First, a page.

The agitation among Republicans is not surprising, given the trauma of the final years of George W. Bush's presidency. After heavy losses in 2006 and 2008, it was natural that GOP loyalists would seek a new direction.

A party that suffers consecutive beatdowns at the polls needs to retool and reevaluate its assumptions and priorities. The party leadership isn't doing that, so the voters are doing it for them. But they're doing it in a very interesting way. Our eyes are colored by the years 1995-2009, when the Republicans were either ascendant in Congress, held the White House, or both. But this little historical window is misleading. Conservative ideology grew over time. It's incubative period began in 1933, when a second consecutive landslide election brought Franklin Roosevelt to power. From 1933 to 1995, the Republicans controlled the House for four years (1947-48 and 1953-54) and the Senate for ten (1947-48, 1953-54, and 1981-1987). In the entire post-war era, the Republicans only controlled both houses of Congress twice, and each time they were thrown out at the first opportunity. Forty years elapsed (1955-1995) without the Republicans once controlling the House of Representatives. This is an absolutely crucial fact to know if you want to understand the modern Republican Party. Their childhood and adolescence were completed with almost no experience in actual governing in Congress. They were an almost uninterrupted opposition.

This is why a conservative movement began to grow outside the Republican Party. Actual Republican elected officials still had to legislate and they often had a Republican president (Eisenhower, Nixon, Ford, and Reagan) to work with. But because the Republicans never had control of the legislative product, their base came to see Congress as an enemy and their legislation as somehow illegitimate. This feeling was extended to the Supreme Court during the Earl Warren era. As a result, conservative ideology cannot easily adapt to actually being in power and having to fund the various agencies and programs of the government. It isn't surprising that in their first term in power (1995-1996) they shut down the government rather than agree to a Democratic president's budget. And it won't be surprising if this happens the next time the Republicans gain control of one of the houses of Congress.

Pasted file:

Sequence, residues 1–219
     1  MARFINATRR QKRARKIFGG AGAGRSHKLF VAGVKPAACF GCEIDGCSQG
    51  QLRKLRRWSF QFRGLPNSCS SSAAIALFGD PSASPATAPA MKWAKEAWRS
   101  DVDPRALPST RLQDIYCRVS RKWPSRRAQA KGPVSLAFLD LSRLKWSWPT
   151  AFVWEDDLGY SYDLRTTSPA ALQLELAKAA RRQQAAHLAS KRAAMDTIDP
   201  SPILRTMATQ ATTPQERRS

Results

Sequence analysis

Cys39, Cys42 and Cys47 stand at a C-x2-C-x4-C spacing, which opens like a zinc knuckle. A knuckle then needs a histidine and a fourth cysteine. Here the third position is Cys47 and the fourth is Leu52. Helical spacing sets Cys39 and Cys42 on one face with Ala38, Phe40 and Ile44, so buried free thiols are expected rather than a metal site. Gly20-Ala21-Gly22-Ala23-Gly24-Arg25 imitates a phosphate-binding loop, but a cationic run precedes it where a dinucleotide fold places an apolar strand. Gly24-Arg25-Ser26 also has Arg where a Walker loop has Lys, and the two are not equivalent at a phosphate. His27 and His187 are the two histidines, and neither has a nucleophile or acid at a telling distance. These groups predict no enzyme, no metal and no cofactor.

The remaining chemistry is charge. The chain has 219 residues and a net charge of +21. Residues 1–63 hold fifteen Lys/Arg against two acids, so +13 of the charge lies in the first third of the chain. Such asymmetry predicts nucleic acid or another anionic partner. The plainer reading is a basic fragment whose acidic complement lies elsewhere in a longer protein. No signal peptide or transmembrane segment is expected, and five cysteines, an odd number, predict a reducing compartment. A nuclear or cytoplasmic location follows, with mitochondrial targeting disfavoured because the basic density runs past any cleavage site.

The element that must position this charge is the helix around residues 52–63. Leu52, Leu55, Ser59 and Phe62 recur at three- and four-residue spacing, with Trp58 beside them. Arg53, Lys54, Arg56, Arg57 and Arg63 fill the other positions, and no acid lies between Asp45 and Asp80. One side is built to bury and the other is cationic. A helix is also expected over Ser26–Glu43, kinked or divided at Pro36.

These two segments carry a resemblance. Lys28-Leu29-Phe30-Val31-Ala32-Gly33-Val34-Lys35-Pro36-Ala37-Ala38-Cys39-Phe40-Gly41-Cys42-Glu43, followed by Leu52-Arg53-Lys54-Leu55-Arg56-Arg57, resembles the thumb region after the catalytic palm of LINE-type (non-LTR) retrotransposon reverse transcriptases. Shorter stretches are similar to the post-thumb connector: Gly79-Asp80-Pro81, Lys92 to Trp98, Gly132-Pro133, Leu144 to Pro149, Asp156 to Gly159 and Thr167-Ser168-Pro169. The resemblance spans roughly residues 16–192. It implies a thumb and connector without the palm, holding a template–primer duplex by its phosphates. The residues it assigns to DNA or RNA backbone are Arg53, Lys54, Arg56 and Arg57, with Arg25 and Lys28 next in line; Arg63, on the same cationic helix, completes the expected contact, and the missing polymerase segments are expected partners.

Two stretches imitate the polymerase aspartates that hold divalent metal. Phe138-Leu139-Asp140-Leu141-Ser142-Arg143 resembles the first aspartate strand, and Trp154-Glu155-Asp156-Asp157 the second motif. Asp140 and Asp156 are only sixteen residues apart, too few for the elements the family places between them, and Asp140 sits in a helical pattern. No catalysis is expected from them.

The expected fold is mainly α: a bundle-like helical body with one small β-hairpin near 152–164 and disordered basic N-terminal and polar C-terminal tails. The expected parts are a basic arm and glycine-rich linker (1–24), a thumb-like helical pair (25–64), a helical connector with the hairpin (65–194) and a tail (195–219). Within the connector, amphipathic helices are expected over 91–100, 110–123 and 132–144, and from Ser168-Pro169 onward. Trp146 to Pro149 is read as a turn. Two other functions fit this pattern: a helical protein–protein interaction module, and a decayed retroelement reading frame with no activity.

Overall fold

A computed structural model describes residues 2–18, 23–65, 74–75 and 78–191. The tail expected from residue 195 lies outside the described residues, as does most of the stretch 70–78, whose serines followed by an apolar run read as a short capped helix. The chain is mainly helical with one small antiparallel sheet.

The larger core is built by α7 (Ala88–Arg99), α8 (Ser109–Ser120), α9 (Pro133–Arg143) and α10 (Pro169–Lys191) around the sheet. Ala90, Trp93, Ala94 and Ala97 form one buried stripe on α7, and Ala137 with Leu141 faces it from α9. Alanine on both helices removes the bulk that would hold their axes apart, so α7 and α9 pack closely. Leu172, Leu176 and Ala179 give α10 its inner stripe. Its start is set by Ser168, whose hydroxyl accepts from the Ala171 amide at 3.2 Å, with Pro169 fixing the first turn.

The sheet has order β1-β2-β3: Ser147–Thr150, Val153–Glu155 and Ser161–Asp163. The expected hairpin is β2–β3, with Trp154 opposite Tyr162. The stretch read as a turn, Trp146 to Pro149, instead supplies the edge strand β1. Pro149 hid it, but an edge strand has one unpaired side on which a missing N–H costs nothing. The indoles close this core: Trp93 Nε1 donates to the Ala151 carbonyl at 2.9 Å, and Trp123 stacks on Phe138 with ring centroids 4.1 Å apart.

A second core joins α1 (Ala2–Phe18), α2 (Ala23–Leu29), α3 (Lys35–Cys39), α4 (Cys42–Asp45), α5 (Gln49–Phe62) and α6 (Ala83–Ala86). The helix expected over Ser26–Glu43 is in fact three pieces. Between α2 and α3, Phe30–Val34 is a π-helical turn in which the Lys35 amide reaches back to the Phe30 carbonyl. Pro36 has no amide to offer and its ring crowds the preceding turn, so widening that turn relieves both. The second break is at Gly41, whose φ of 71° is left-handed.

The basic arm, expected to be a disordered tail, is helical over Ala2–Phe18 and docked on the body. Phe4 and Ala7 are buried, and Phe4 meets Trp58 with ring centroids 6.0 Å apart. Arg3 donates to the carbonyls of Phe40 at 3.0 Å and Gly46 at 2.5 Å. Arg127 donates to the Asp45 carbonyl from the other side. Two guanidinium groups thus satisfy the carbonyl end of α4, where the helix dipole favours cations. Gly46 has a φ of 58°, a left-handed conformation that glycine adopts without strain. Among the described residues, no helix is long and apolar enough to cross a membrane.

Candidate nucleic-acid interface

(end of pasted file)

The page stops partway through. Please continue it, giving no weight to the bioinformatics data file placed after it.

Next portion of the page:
The Republican base is extremely hostile to the federal government and, particularly, to federal appropriations which are unrelated to national security. You can see this quite clearly by looking at the makeup of the Senate Appropriations Committee.

Four of the Republican appropriators are retiring, two have been defeated in primaries, one is a former Democrat, and one recently lost badly in her gubernatorial bid. Additionally, Arlen Specter was forced out of the party. Ordinarily, landing a seat on the Appropriations Committee is considered a boon that allows you to funnel money back to your state and makes you too valuable to replace. But that didn't prove true for Arlen Specter, Bob Bennett, or Lisa Murkowski. These legislators were Republicans but they didn't subscribe to the conservative ideology that all federal activity is suspect, illegitimate, or even unconstitutional. So, they're gone.